Apple criticised over 'presumptuous' news app email

By Kevin Rawlinson
BBC News

image copyrightGetty Images
image captionApple's chief executive Tim Cook appeared onstage at WWDC, where the firm's news app was announced

Apple's forthcoming news app has been criticised over claims the company is hoodwinking bloggers into accepting its terms and conditions.

An unsolicited email from Apple inviting publishers to join the service presumes acceptance of the terms, unless they actively opt out.

It requires them to cover Apple if legal issues arise, among other things.

Apple, which is due to launch the app later this year, refused to comment on the row.

The terms read: "If we receive a legal claim about your RSS content, we will tell you so that you can resolve the issue, including indemnifying Apple if Apple is included in the claim."

Agreement to that, and other terms, is a prerequisite for being included in the forthcoming app.

'Completely crazy'

However, a line in the email from Apple made clear that publishers not wishing to be bound by them would be expected to say so explicitly.

That has led some to express concern that they would be bound by the agreement perhaps without ever having seen it or actively consenting to it.

Other terms in the email allow Apple to place adverts next to publishers' publicly available content without paying them.

The BBC has spoken to three online publishers about the move.

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image captionApple announced the news app at this year's WWDC conference

One of them, Mike Ash said he thought it was "wrong of Apple" to presume that he would indemnify them. He said the email was "presumptuous".

And, in a blogpost entitled I Do Not Agree To Your Terms, he took issue with the requirement to opt out.

He wrote: "Let me get this straight, Apple: you send me an email outlining the terms under which you will redistribute my content, and you will just assume that I agree to your terms unless I opt out?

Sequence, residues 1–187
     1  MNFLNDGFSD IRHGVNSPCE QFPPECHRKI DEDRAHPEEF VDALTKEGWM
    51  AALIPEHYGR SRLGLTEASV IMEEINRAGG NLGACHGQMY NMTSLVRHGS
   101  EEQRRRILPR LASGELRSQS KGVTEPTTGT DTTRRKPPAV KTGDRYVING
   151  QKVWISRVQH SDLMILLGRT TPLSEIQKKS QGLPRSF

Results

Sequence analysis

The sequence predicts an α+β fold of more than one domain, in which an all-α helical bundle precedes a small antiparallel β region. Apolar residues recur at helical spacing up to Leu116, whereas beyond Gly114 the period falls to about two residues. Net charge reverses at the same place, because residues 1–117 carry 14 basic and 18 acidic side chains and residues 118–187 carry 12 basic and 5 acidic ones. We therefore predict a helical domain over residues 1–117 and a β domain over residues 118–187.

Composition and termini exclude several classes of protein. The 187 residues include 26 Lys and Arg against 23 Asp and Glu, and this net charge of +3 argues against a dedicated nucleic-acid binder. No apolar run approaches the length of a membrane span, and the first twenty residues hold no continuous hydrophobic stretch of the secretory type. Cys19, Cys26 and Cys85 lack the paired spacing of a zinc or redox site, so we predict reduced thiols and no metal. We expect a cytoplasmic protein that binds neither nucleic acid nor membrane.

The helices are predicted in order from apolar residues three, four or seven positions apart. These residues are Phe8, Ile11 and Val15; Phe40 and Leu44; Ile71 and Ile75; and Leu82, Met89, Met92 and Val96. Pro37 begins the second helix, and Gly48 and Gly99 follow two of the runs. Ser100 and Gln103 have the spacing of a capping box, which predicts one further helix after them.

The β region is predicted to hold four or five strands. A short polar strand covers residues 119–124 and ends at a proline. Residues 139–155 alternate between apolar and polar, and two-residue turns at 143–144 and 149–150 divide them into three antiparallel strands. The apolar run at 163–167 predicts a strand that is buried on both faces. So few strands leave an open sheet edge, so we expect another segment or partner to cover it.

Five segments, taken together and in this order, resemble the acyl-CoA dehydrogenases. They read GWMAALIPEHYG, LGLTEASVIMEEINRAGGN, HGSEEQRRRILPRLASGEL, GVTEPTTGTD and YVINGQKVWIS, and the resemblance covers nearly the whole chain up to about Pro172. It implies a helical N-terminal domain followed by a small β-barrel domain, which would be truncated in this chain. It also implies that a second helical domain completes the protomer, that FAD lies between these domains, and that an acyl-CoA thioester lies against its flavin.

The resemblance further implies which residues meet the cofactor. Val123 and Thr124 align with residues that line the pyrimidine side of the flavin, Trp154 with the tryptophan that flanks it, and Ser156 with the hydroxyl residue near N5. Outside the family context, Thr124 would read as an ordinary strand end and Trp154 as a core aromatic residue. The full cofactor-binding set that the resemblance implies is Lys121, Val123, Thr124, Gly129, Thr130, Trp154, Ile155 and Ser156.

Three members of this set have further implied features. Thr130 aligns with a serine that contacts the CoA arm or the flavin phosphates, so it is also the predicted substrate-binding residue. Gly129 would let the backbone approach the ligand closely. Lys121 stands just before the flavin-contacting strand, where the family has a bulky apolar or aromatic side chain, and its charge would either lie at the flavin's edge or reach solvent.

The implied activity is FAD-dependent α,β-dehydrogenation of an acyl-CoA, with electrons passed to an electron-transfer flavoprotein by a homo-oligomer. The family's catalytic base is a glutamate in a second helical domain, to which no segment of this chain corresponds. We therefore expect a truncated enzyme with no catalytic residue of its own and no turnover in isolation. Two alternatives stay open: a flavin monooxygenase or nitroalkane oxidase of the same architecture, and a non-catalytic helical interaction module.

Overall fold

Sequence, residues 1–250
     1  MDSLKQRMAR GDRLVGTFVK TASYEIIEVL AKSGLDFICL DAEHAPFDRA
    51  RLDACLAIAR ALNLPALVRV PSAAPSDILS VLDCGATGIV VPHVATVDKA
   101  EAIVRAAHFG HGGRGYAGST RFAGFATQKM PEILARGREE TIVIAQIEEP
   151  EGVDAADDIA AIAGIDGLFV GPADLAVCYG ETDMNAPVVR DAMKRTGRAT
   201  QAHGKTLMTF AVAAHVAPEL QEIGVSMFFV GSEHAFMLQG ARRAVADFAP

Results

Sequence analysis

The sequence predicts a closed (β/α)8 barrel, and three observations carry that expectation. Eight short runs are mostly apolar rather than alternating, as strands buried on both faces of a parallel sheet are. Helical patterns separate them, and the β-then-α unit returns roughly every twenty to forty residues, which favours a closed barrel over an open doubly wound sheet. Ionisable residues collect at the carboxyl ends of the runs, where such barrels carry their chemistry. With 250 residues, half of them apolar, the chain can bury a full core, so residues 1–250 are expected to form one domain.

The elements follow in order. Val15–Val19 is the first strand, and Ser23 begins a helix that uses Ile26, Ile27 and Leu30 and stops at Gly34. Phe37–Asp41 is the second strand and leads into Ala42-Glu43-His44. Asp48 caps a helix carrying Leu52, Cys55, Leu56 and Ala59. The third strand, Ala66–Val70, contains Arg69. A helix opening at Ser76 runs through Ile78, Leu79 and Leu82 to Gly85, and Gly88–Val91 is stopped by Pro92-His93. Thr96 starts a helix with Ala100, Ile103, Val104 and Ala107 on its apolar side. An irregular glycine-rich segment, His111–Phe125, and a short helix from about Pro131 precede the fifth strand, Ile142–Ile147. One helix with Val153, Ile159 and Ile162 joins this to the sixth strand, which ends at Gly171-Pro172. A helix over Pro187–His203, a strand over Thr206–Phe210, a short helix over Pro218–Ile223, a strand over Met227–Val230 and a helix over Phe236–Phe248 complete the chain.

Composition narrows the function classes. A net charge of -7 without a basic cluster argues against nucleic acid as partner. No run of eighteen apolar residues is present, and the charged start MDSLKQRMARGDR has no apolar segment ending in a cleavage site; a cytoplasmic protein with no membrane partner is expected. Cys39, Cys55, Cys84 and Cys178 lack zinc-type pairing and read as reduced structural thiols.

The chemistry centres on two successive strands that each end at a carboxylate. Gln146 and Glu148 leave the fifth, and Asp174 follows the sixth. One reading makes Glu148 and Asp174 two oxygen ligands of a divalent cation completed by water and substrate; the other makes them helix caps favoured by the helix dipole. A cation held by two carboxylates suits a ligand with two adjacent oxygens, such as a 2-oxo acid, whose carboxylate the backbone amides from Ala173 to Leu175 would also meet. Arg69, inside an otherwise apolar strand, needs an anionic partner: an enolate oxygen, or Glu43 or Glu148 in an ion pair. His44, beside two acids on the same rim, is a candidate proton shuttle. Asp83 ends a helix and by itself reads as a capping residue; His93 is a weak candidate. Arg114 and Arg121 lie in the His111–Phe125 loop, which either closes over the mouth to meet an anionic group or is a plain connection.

"You're going to consider me bound to terms you just declared to me in an email as long as I don't respond? That's completely crazy. You don't even know if I received the email!"

image copyrightGetty Images
image captionTim Cook appeared onstage at the WWDC conference, where the news app was announced earlier this month

According to Graham Hann, the head of technology, media and communications at the law firm Taylor Wessing, the terms of the deal are broadly in line with industry standards - except the requirement to opt out.

"The content of the notice is not unusual, although it has deliberately been dumbed down, possibly for clarity," he told the BBC.

"However, the optout approach is very unusual and I don't see how the notice could form a binding contract without a positive reply.

"Apple clearly wants to launch with as much content as possible and has taken this risk-based approach. Some publishers may object and even threaten to sue.

"However, I think it would be hard to claim damage beyond a reasonable royalty fee."

Human curation

Apple will place the publishers' content via a publicly available RSS feed, which sends any updates to a blog or website to the host - in this case, Apple News.

Publishers make these feeds publicly available voluntarily.

After announcing the launch of the app, the company began advertising for editorial staff to work on it, indicating that it would be curated by a human editor, rather than an algorithm.

The news app is categorised as part of the firm's marketing department.

It is due to be launched with the latest operating system update - iOS9 - later in 2015.

Apple also announced at the WWDC developers' conference that it was launching a music streaming app that would include the user's music video library, as well as an internet radio station and a way for artists to share unreleased tracks.

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